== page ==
The following blog was contributed by Quentin Wodon, the volunteer team lead for the Global Catholic Education website.
The fortunes for Catholic K-12 and higher education in the United States have diverged for some time. Enrollment in Catholic K-12 schools has been declining for more than 50 years, with an especially severe drop this year as schools became less affordable for parents due to income losses from the pandemic. By contrast, Catholic higher education has done well, with rising enrollment until relatively recently. Today, some Catholic colleges and universities are facing hard times due to the pandemic and unfavorable demographic trends. Still, many of the 250 or so Catholic colleges and universities remain strong. As a result, while the United States accounts for less than three percent of global enrollment in K-12 Catholic education, the country is home to a fifth of all students enrolled in Catholic higher education.
A key reason for these differences in fortunes relates to tuition. Many parents have a hard time paying for the cost of K-12 Catholic education, even though they may appreciate the emphasis placed by the schools on values and faith. Catholic colleges and universities also charge tuition, but so do public higher education institutions, albeit at a lower rate for in-state students. Therefore, one could argue that public institutions have (slightly) less of a pricing advantage at the higher education level than at the Catholic K-12 level.
This in turn leads to very different levels of education pluralism depending on the level of education being considered. The Global Catholic Education Report 2021 released today suggests a new measure of education pluralism based on the literature on market concentration. The measure is ex-post, based on the shares of students enrolled in different types of schools or universities, as opposed to ex-ante based on whether laws and regulatory frameworks are conducive to pluralism or not. It turns out, not too surprisingly, that in comparison to other countries, education pluralism at the K-12 level is low in the United States, while the country fares better for higher education. Differentials in comparative advantages related to pricing between public and private education are likely to play a role here.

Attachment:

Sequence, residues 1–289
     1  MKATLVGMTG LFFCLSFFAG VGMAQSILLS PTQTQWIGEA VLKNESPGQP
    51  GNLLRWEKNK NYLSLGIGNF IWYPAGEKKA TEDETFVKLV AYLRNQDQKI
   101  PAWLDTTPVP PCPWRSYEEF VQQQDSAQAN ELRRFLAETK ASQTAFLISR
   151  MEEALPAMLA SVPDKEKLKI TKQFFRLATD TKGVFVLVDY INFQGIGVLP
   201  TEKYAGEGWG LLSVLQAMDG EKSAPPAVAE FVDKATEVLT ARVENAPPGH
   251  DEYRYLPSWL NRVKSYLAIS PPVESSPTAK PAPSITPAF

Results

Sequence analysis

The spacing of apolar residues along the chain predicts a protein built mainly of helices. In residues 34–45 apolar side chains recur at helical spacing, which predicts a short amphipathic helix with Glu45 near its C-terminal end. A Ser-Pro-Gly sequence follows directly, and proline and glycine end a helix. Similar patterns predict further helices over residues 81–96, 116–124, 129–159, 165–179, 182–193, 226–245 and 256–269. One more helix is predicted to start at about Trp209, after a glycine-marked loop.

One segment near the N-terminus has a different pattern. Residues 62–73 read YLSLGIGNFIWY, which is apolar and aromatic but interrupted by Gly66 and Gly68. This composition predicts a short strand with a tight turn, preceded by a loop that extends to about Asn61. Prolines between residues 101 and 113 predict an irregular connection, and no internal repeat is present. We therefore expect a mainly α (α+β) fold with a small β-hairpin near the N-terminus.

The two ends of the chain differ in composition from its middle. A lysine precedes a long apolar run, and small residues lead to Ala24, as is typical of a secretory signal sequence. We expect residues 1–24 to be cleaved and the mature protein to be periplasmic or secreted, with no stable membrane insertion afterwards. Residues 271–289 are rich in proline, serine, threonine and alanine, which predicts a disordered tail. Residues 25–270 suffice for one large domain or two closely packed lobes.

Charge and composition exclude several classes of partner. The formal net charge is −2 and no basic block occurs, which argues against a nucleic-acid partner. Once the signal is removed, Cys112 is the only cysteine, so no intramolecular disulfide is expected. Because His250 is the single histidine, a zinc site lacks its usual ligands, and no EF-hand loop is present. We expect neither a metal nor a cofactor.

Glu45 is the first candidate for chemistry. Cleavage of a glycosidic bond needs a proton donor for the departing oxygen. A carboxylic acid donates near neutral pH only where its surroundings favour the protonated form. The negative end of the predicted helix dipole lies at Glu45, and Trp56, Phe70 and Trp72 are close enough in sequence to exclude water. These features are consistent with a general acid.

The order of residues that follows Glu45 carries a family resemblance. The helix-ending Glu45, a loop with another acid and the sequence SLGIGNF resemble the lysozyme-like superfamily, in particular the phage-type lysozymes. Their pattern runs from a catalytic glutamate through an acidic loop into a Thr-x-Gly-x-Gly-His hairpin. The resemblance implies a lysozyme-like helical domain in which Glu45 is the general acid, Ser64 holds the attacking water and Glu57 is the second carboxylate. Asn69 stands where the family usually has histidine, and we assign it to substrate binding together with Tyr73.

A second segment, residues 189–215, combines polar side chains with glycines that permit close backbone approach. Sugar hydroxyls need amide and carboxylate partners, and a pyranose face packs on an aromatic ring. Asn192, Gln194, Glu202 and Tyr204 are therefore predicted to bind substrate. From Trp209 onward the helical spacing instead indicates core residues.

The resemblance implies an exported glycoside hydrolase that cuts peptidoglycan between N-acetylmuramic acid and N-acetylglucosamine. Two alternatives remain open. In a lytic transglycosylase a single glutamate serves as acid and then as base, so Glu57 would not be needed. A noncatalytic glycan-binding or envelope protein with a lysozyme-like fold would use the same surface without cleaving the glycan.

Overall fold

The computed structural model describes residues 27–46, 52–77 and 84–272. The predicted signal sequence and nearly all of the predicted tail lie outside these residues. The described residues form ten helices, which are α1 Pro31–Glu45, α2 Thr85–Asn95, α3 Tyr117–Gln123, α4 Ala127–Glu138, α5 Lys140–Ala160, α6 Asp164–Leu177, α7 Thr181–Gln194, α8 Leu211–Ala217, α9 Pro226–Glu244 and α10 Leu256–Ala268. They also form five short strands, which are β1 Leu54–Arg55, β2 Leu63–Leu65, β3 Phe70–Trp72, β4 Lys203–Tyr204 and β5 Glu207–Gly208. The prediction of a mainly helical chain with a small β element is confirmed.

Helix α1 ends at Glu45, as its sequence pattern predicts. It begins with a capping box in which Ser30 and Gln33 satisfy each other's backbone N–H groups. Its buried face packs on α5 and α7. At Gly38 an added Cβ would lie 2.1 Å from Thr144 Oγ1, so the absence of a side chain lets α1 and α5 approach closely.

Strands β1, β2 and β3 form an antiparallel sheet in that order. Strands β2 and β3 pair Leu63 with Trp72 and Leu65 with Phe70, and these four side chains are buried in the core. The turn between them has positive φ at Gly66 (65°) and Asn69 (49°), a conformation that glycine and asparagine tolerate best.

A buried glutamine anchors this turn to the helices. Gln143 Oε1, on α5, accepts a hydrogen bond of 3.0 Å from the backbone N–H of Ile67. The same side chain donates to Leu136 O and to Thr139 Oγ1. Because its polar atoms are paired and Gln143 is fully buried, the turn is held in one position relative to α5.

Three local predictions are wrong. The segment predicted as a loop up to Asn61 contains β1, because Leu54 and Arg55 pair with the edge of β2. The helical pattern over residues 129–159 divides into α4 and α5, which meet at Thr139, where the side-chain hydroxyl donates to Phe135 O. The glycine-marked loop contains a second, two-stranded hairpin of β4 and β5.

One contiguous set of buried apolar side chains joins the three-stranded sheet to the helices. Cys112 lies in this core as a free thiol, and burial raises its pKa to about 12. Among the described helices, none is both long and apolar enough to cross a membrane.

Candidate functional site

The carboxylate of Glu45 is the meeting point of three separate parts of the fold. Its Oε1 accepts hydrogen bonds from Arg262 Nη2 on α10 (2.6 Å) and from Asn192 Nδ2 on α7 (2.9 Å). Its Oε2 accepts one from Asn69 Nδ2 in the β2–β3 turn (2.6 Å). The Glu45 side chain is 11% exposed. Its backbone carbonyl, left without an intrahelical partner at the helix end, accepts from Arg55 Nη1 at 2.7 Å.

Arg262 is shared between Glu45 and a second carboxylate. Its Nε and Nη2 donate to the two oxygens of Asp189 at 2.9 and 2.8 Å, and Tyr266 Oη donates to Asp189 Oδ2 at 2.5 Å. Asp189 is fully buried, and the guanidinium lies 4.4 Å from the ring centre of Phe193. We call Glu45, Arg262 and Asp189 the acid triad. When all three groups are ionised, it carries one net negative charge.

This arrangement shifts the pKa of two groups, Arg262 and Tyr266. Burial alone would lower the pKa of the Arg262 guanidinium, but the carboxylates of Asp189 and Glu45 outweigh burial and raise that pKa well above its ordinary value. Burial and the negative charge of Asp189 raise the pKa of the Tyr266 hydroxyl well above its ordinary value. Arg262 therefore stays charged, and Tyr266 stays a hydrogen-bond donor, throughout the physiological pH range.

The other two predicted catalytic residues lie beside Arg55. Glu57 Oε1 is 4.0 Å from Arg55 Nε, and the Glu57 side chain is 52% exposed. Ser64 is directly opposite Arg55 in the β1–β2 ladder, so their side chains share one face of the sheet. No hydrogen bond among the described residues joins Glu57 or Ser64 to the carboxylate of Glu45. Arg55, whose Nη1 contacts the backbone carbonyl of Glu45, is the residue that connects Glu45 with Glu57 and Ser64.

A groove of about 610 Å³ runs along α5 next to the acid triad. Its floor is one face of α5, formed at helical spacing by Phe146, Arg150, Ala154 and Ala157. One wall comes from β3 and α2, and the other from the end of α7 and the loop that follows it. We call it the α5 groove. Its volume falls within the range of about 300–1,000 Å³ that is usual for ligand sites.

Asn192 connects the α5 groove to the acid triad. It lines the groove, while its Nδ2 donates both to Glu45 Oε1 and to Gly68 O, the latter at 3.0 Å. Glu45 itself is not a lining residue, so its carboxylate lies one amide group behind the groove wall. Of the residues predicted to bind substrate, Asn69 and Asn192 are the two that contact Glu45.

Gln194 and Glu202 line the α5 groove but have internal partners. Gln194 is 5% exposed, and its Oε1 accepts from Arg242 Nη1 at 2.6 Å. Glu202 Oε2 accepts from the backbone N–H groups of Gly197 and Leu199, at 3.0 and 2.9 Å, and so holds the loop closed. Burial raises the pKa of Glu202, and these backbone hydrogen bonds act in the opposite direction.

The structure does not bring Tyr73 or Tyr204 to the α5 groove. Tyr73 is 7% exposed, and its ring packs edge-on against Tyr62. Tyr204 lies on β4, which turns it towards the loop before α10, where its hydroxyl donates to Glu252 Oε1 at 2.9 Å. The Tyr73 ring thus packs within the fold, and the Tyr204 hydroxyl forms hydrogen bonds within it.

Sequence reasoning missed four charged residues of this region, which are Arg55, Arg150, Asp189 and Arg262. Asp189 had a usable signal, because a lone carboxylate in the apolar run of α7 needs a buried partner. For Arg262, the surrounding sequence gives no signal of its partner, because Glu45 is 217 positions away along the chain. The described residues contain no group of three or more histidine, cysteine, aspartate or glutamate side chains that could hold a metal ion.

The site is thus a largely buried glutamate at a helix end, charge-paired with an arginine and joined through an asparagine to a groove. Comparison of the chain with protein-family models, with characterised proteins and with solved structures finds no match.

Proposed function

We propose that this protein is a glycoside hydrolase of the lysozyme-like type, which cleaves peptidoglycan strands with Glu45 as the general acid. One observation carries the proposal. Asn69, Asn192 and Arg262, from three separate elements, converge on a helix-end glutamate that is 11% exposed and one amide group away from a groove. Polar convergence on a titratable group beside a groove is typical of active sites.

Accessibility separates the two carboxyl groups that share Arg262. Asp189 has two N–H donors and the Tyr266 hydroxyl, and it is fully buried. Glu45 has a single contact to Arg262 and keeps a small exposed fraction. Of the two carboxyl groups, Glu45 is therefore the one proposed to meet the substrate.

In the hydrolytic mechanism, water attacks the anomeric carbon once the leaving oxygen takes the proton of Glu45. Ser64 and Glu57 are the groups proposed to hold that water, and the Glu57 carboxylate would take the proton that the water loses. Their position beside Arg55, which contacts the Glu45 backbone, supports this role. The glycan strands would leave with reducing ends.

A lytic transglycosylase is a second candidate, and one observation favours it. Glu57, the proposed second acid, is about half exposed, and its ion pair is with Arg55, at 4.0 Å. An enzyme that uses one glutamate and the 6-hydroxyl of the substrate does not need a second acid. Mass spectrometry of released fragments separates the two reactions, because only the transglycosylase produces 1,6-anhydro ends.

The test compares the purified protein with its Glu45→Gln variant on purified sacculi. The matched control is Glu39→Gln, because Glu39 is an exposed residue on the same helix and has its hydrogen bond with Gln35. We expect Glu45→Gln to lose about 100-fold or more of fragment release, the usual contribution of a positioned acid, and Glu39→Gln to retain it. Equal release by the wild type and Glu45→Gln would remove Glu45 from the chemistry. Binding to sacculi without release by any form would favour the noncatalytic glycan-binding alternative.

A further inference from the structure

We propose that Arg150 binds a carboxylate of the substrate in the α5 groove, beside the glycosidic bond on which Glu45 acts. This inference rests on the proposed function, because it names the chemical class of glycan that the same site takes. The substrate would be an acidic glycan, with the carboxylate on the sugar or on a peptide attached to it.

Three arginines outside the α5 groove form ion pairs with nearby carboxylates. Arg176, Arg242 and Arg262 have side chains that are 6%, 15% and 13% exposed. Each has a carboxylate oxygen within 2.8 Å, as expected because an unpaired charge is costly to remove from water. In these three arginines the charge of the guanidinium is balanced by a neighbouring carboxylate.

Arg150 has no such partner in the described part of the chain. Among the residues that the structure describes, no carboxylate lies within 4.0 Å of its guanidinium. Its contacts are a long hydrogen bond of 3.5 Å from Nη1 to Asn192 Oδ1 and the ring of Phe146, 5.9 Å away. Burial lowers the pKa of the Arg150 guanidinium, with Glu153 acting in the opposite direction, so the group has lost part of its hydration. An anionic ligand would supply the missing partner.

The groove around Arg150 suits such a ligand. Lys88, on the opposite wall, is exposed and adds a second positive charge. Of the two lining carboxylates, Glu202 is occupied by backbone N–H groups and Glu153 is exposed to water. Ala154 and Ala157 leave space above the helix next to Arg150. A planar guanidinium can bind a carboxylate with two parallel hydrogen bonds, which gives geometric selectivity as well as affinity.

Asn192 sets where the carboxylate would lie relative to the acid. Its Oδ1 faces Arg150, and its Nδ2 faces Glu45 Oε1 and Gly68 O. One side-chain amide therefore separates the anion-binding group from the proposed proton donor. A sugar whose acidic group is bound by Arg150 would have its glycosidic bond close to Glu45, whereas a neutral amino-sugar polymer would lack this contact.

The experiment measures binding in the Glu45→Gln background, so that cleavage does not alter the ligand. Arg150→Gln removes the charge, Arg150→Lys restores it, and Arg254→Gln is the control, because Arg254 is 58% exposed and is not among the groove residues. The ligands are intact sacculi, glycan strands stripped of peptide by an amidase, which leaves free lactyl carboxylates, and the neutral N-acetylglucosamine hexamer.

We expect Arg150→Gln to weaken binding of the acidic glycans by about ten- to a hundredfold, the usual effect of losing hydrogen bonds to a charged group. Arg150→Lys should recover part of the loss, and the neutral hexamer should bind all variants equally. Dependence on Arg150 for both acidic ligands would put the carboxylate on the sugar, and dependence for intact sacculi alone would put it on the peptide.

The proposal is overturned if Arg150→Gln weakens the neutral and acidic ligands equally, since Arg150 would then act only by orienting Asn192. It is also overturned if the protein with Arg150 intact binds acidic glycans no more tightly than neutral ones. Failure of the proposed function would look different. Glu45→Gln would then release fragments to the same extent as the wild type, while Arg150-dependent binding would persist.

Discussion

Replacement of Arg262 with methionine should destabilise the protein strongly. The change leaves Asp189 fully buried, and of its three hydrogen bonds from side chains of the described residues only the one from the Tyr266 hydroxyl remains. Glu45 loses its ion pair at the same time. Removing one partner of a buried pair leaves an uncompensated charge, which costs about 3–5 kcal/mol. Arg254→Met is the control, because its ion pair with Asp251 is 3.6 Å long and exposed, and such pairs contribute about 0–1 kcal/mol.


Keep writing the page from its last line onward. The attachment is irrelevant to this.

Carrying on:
Combining the new measure of education pluralism with data on more traditional educational outcomes, the Global Catholic Education Report 2021 proposes a new set of indices to measure the fulfillment of the right to education at the primary, secondary and higher levels. The United States does well on educational outcomes, but not so well at the Catholic K-12 level on education pluralism, therefore not entirely fulfilling the promise of Article 26 of the Universal Declaration of Human Rights which states that “parents have a prior right to choose the kind of education that shall be given to their children.”
What is measured gets done, the adage goes. It remains to be seen whether the measures of education pluralism and the right to education suggested in the Global Catholic Education Report 2021 will catch on. But the report at least makes an attempt to provide a simple quantitative assessment of education pluralism and the right to education globally. More generally, the goal of the report is to make the international community aware of the contributions of Catholic education, while also making Catholic educators aware of lessons emerging from international experience on how to improve educational outcomes. The theme of the 2021 report is education pluralism, learning poverty and the right to education. The report is published under the Global Catholic Education project and co-sponsored by the International Office of Catholic Education (OIEC), International Federation of Catholic Universities (IFCU), World Organization of Former Students of Catholic Education (OMAEC) and World Union of Catholic Teachers (UMEC-WUCT), the four organizations representing Catholic education globally. The report is available for free download and results are summarized in a short YouTube video.